March 16, 2020
Social distancing has shifted into a new gear as federal and state officials banned public gatherings and in some states ordered restaurants and bars to close. Meanwhile, many retailers and gyms announced voluntary closures, joining the effort to slow the spread of the coronavirus.
The breathtaking speed at which social distancing is being adopted is good, albeit unsettling. It’s become necessary because the coronavirus leapfrogs through person-to-person contact so the Centers for Disease Control has recommended avoiding gatherings and maintaining a six-foot distance from each other whenever possible.
Social distancing may not be as drastic as being quarantined, which separates and restricts the movements of people who have been exposed to a disease. And, yet, for many of us it may feel as if we’re being quarantined.
In the days and weeks ahead, we’ll be having far less contact with colleagues, friends and even some family members. Keeping a safe distance from each other because of health concerns for ourselves and others is a necessary and kind thing to do, but it also can be isolating.
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Against the backdrop of a loneliness epidemic as well as fraying ties to our local communities, purposely staying away from each other can also have profound implications on our mental, emotional and physical health.
All of it begs the question: How can we stay connected in a time of social distancing?
More than anything, it will be important to stay connected to ourselves. We can use our mindfulness practice to help us notice when we might be feeling too alone. Signs of social isolation may include boredom or a general lack of interest in life along with a lack of personal hygiene or poor eating habits. When we feel socially isolated, we also might become more fearful.
Learn how a mindfulness practice can help you cope with isolation in our Managing Anxiety – Being Alone on-demand content!
Bringing awareness to our emotional state and the behaviors that signal social isolation can help us take steps to intentionally connect with others. Doing so when we’re being told to distance ourselves takes effort and a bit of creativity. But that might be a good thing.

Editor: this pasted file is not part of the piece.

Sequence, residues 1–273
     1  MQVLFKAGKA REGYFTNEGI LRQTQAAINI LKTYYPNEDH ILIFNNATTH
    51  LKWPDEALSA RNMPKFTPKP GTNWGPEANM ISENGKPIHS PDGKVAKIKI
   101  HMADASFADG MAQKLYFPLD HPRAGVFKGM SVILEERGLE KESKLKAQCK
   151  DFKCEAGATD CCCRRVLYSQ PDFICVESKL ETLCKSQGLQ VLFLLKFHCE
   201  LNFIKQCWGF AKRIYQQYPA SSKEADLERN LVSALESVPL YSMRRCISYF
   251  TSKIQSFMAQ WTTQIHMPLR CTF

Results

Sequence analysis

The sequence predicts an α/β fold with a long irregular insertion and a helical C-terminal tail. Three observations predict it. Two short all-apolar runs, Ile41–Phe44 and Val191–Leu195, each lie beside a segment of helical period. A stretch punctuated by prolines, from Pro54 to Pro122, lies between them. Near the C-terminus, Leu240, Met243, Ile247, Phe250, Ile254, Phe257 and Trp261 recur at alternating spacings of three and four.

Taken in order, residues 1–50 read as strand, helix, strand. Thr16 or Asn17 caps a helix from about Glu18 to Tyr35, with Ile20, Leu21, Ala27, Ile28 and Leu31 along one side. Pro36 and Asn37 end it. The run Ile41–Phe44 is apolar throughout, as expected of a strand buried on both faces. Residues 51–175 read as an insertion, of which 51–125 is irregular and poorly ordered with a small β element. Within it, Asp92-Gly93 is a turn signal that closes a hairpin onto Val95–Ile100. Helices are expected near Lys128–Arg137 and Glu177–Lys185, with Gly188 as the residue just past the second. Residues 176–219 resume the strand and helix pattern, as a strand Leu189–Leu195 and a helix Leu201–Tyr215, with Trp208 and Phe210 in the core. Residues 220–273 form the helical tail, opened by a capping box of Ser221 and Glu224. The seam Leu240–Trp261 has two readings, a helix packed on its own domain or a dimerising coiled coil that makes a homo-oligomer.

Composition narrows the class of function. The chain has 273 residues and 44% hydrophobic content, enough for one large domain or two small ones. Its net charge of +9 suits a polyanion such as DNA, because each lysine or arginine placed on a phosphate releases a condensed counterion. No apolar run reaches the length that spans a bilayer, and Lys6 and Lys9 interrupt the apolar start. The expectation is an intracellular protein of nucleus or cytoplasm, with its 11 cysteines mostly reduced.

If there’s any silver lining to social distancing, it might be that it serves as a dramatic reminder of just how much we need each other to be healthy, happy and fulfilled.
The Impact of Social Distancing in the Present and Future
In the short-term, social distancing will change our contact with others. But it also gives us an opportunity to be more intentional about how to stay connected even when we’re apart. Here are three ways that you can use mindfulness to safely connect with others during the coronavirus crisis.
- Join a Virtual Mindfulness Community: Technology can be a double-edged sword. Too much time on social media, for example, can sometimes make us feel less connected to others. And, yet, live, online virtual gatherings are a powerful way to ease the loneliness that might arise during a time of social distancing. eMindful has live, teacher-guided online sessions every day where you can practice mindfulness together and share your experience with others.
- Send Loving-Kindness: Loving-kindness is a mindfulness practice that entails sending phrases of well-being to others as we imagine them in our mind’s eye. Loving-kindness can be a stand-alone practice or it can be included at the beginning or end of a mindfulness meditation. After settling your attention on your breath, call to mind an image of someone you’re friendly with and send them phrases of well-being such as: “May you be healthy. May you be safe. May you be peaceful.” If you like, you can extend well wishes to people within your neighborhood, at work or even around the world. Doing so fosters a sense of connection and can empower you to feel as though you’re doing something positive for others even when you’re not with them.
Learn how to be kinder to yourself and others in our 7 Days of Loving-Kindness on-demand content!
- Make the Connections You Have Meaningful: In the days and weeks ahead, time with others will be more limited. So, it’s worthwhile to make the contact you do have with others meaningful. Take time to call, text or email friends you’ve been out of touch with and reconnect. Be mindful of how you greet the people you encounter on your more infrequent trips to the grocery store, the post office or as you drive in traffic. Are you curt and rushed? Could you slow down and smile knowing everyone is on edge? We also can be more mindful of our time at home with our family. Is everyone in separate rooms on their devices? Maybe it’s time to rally for a game night or to come together for a meal around the dinner table. Few of us want to separate ourselves from each other, which makes the time we do spend with those around us all the more significant.
Written by eM Life Teacher Kelly Barron.